Varying Terms and Conditions

AB HR Solutions:

Share This Insight:

Most Companies at some stage, for whatever reason, will want to understand how to vary or change terms and conditions of employment. In short, it is possible to change terms and conditions but any change should follow a consultation process and wherever possible, a mutual agreement to change terms and conditions is always preferable.

What do we mean by varying terms and conditions of employment?

In most cases when an employer wants to explore varying terms and conditions, it will result in a change and that change may be detrimental to the employee or adversely impact them. For instance, an employer may want to reduce sick pay terms or holiday entitlement, change working hours – maybe introduce Saturday working – change roster and shift patterns.

What is a variation clause in a contract?

In most contracts of employment, there will be a variation clause which provides for the employer to make reasonable changes to terms and conditions and the clause may provide that such changes can be made within 1 month. This sounds straight forward but it will, as ever, come down to the interpretation of the word “reasonable”. If there isn’t a variation clause, this does not mean that the employer is unable to make changes.

What should you do if you intend to change terms and conditions?

The employer should meet with the employee(s) affected and explain what changes they propose to make and why and consult about the proposals. The purpose of the consultation process is to discuss and understand how they will be affected by the proposals. Ideally after consultation, the employee and employer will agree to the change or variation and it will be implemented by mutual agreement.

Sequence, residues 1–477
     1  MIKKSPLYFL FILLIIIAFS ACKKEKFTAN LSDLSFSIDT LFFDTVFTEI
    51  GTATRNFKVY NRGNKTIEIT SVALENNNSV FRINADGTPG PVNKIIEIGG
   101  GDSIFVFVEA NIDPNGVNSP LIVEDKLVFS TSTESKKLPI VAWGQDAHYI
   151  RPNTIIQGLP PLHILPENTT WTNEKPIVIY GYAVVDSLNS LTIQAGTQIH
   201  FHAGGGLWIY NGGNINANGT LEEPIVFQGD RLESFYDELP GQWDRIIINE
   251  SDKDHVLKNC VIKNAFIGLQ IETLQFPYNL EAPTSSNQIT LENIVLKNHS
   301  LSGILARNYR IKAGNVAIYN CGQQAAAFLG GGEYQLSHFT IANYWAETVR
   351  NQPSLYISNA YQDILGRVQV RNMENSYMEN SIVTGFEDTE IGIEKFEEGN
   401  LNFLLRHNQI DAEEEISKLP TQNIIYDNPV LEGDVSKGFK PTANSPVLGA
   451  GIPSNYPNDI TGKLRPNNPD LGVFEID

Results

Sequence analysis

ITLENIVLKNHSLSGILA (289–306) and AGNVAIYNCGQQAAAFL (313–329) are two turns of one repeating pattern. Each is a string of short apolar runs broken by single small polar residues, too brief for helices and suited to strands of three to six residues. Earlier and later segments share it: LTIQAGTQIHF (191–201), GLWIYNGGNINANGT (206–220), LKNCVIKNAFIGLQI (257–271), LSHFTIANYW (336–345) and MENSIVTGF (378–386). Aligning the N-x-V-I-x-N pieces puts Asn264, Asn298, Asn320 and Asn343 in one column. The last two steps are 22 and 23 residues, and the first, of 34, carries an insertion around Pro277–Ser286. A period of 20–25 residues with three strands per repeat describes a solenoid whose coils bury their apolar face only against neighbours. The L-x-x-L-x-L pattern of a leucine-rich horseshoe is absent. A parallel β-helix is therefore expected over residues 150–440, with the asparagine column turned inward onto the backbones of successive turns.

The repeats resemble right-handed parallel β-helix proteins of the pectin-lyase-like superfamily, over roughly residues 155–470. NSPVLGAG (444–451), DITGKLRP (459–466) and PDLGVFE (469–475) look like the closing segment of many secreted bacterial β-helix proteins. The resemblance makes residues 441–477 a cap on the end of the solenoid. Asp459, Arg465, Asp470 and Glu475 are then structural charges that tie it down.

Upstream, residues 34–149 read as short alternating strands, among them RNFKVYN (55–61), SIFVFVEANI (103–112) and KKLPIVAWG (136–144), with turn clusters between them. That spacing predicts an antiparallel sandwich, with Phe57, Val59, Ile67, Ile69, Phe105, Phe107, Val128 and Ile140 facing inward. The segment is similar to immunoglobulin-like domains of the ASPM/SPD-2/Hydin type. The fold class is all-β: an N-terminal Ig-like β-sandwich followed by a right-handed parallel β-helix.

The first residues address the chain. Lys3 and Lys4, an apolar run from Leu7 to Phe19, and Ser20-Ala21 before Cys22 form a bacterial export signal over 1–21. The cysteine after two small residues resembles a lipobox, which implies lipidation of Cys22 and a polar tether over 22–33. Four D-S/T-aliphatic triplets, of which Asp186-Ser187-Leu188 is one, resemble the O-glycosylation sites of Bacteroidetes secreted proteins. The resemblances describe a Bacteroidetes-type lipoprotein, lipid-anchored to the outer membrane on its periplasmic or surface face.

Where the changes are contentious, it is likely that the employees will not accept the change and it’s not possible to mutually agree to the change regardless of how long they consult. In this situation, the employer reserves the right to effectively issue contractual notice of the change whereby the employee is given contractual notice that with effect from a certain date, they will cease to be employed under their existing terms and will be re-employed  with continuous service under new terms and conditions from the agreed date. This process is sometimes referred to as a form of “fire and re-hire”.

“Fire and re-hire” is lawful but an employee can choose not to accept the new terms and conditions in which case they are effectively resigning and their redress would be to pursue an action for constructive dismissal.

Whether the employee would succeed with such an action will be determined by a number of factors and considerations – including

  • What was the change, was it fair and reasonable?
  • Why were the changes being made?
  • What was the negative impact on the employee(s) and how were they affected?
  • Did the employer consult with the employee(s) regarding the proposed changes and – for how long?
  • Were the changes in any way either a direct or indirect form of discrimination?

What changes are likely to be most contentious?